Presently, marketers primarily use a variety of content optimization approaches that include A/B testing and multivariate testing. A/B testing, at its simplest, is a method of website or mobile optimization in which the conversion rates of two versions of a page are compared using visitor response rates. By tracking the way visitors interact with the content– the videos they watch, the buttons they click, or whether they sign up for a newsletter – you can infer which version of the content is most effective.

Due to the popularity of this technique, SAS 360 Engage supports A/B/n testing.  A/B/n testing is an extension of A/B testing, where “N” refers to the number of versions being tested, anywhere from two versions to the “nth” version. For example, when a brand has more than one idea for what the ideal digital experience should be, A/B/n can be used to compare each hypothesis and produce an optimized decision based on data, not subjectivity.

360 Engage 2

Testing is attractive because it is efficient, measurable and serves as a machete cutting through the noise and assumptions associated with delivering effective experiences. In parallel, the evolving marketing landscape is driving a greater mandate for testing: to operate in more channels, handle more data and support more users. Testing must mature beyond traditional on-site experimentation to fully optimize a multifaceted customer journey.

360 Engage 3

The majority of today’s technologies for personalization have generally failed to effectively use data science to offer consumers a contextualized digital experience. Many of today’s offerings are based on simple rules-based segmentation to drive recommendations. Building off the benefits of multi-channel A/B/n testing, this is where SAS 360 Engage injects its analytical muscle to differentiate from other personalization technologies.  Let's break this down:

  • At the conclusion of an A/B/n test, there is usually a winner and one or more losers.
  • Is there really one superior experience for your entire marketable audience? Is it possible that experiences should vary by segment?

Performing algorithmic segmentation sounds awesome, but who really has the time to do it? We have so many tests to run.360 Engage 4

360 Engage 5

360 Engage 6

The time has arrived for predictive marketing to have its moment in the sun, and with Forrester recently naming SAS the leader in customer analytics, it's official - the 800-pound gorilla in advanced analytics is locked in on solving complex issues facing the space of data-driven marketing. Making digital personalization more relevant for target audiences is just like preparing a delicious meal; it all comes down to the ingredients and preparation process to rise to the occasion!

A beautiful and interpretable visualization is generated highlighting what is unique about this segment, as compared to everyone else who was exposed to the test. If the brand wants to target this audience in future campaigns, a single click populates this segment in the platform for future journey orchestration.

If you look closely at the image, you will note in the upper half of the report that the winner of the A/B/n test is variant A. However, the lower half of the report showcases a newly discovered segment. It turns out that when a specific customer segment with recent purchase, stay and amenity activity interacts with this hospitality brand, variant B produces better results. How did SAS 360 Engage do this? By applying automated firepower (i.e. algorithmic clustering) to produce this prescriptive and actionable insight. To learn more about this segment, marketers can profile the audience:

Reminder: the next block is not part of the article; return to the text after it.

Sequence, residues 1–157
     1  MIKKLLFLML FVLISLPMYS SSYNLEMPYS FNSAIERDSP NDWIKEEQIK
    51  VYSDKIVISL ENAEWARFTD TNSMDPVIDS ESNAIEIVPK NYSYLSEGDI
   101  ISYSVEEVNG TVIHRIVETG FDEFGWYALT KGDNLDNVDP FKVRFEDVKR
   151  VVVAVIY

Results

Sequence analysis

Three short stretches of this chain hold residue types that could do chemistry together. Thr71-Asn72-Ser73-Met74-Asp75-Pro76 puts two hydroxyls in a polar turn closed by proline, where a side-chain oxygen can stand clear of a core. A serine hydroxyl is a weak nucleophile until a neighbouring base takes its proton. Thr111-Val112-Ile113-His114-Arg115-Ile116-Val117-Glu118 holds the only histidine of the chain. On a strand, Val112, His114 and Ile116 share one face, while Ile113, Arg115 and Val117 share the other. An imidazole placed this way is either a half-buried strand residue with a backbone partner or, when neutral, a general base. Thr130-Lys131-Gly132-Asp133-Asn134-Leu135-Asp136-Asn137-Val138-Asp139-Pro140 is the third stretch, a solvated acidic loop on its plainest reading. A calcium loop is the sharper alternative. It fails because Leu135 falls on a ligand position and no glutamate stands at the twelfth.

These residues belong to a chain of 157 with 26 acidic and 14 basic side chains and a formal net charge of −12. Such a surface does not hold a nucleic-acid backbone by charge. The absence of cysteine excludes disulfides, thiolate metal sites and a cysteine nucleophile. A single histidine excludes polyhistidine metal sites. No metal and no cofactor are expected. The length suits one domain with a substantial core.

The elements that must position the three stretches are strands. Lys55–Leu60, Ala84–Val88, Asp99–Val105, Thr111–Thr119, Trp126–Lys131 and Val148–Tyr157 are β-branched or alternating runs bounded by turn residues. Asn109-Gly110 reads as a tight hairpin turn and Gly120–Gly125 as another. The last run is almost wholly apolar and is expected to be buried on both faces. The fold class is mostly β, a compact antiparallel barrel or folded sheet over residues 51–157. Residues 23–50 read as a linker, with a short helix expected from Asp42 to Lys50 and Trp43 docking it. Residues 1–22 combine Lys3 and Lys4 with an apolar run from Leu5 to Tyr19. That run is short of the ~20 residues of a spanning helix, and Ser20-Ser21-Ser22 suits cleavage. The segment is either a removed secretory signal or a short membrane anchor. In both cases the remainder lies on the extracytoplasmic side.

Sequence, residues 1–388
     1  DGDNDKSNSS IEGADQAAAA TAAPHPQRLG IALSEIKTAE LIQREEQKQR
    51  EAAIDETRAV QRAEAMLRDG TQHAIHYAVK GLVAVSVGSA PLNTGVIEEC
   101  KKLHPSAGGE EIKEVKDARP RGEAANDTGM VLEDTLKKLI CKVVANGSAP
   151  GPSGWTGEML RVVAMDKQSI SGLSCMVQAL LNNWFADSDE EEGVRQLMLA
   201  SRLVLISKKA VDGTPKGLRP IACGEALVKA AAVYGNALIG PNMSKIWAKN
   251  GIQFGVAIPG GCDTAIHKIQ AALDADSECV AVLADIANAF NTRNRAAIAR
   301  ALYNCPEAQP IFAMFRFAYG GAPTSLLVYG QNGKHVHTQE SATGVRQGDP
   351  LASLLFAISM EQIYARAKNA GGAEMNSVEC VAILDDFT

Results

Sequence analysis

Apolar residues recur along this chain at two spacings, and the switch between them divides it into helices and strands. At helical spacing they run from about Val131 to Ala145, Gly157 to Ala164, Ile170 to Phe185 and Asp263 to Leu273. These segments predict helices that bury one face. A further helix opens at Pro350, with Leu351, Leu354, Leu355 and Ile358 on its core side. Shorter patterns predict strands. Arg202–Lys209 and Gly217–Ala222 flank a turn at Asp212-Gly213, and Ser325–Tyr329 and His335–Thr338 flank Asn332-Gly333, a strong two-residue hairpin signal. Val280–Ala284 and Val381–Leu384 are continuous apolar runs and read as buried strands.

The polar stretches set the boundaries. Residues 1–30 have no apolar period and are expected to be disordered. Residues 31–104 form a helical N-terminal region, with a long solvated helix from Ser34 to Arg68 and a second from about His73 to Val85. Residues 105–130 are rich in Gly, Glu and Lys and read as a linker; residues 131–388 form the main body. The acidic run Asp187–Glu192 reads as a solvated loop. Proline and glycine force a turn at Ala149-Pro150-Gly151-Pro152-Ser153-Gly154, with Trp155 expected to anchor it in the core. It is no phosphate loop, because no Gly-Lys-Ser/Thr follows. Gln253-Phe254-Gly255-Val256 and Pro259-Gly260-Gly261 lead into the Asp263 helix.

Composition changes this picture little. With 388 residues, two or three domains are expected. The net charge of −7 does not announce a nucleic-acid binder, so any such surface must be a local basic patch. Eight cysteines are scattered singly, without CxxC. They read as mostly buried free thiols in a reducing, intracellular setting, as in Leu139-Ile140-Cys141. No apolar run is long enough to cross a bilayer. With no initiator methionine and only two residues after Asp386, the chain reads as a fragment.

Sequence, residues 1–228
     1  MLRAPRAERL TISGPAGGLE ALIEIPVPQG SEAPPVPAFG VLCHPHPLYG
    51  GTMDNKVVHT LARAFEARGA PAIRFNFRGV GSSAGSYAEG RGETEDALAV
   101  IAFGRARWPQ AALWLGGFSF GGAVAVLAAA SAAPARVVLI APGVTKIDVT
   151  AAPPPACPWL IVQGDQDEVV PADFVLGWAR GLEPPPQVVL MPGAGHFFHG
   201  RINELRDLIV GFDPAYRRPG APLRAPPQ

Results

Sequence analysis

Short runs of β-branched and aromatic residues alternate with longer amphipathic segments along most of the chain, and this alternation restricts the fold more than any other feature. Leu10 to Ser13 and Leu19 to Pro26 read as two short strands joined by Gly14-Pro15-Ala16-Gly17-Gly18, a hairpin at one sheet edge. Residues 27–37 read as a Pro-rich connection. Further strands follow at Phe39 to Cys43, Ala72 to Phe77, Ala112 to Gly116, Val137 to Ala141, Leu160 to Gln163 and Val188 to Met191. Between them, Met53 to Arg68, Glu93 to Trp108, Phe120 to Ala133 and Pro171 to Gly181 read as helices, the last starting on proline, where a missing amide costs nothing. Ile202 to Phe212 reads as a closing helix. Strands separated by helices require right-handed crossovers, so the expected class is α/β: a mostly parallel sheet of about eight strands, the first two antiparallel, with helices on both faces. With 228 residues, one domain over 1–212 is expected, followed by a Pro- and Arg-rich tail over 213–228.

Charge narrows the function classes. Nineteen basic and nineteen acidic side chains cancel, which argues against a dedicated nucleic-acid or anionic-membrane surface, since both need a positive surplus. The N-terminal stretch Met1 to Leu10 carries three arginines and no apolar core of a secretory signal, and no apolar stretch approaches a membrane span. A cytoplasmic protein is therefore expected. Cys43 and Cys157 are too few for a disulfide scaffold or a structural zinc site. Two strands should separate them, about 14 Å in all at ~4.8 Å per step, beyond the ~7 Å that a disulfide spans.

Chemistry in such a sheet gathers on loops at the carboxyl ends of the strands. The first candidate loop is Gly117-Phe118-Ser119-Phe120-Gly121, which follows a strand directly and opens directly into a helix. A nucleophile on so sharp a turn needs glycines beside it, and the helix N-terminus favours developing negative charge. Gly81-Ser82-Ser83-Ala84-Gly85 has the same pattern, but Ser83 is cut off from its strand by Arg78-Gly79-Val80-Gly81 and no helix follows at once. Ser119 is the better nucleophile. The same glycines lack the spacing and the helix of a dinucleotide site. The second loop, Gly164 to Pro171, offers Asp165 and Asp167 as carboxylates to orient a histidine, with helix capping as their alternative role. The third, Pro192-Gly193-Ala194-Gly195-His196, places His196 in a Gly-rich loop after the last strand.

SAS 360 Engage was built with the recognition that some marketing teams don't have data scientists available, and have real needs for analytical automation. To improve upon the concept of A/B/n testing, augmenting this capability with automated, algorithmic segmentation with prescriptive results addresses an important need. Let's assume you've run an A/B/n test with four versions of a page, and variant A was crowned the champion. Wouldn't it be nice to know that if a specific segment arrived at your website, an alternative experience would facilitate a better result?

tags: A/B Testing, Campaign Management, customer journey, data science, digital marketing, Digital Personalization, marketing analytics, predictive analytics, Predictive Marketing, Prescriptive Analytics, SAS 360 Engage, SAS Customer Intelligence 360, segmentation

SAS 360 Engage: A/B testing and algorithmic segmentation was published on Customer Intelligence.

8月 092016
 

In today’s digital age, products have become increasingly commoditised, requiring organisations to shift their focus towards ensuring the customer experience becomes their biggest differentiator.

Previously, the customer experience journey was a string of static, one-dimensional encounters. But now, thanks to big data and the resulting innovations it can provide, customer experiences can be a seamless exchange over different channels between people and the organisations with which they choose to do business.

Personalise the process

Successful brands have recognised this trend and are moving away from mass marketing. Instead, they are looking to create a personal, emotional connection withhearts and minds consumers. At the heart of this approach is using data to understand what drives the customer and what doesn’t through holistic customer intelligence. However, delivering a data-driven customer experience doesn’t happen overnight – it requires a mix of activities and competencies, from data integration to technology implementations to training and rethinking processes.